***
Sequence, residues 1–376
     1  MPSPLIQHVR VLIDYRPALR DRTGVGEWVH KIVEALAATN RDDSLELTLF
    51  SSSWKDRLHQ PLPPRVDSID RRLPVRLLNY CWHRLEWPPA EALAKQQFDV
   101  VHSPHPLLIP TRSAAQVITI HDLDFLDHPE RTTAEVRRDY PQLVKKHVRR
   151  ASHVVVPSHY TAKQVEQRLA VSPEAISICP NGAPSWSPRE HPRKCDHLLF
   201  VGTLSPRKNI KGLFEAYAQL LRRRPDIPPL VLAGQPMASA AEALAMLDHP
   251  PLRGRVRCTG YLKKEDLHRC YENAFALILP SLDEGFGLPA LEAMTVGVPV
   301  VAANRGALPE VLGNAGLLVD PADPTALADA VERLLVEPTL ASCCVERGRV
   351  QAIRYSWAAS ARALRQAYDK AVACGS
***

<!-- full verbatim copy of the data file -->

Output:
Sequence, residues 1–376
     1  MPSPLIQHVR VLIDYRPALR DRTGVGEWVH KIVEALAATN RDDSLELTLF
    51  SSSWKDRLHQ PLPPRVDSID RRLPVRLLNY CWHRLEWPPA EALAKQQFDV
   101  VHSPHPLLIP TRSAAQVITI HDLDFLDHPE RTTAEVRRDY PQLVKKHVRR
   151  ASHVVVPSHY TAKQVEQRLA VSPEAISICP NGAPSWSPRE HPRKCDHLLF
   201  VGTLSPRKNI KGLFEAYAQL LRRRPDIPPL VLAGQPMASA AEALAMLDHP
   251  PLRGRVRCTG YLKKEDLHRC YENAFALILP SLDEGFGLPA LEAMTVGVPV
   301  VAANRGALPE VLGNAGLLVD PADPTALADA VERLLVEPTL ASCCVERGRV
   351  QAIRYSWAAS ARALRQAYDK AVACGS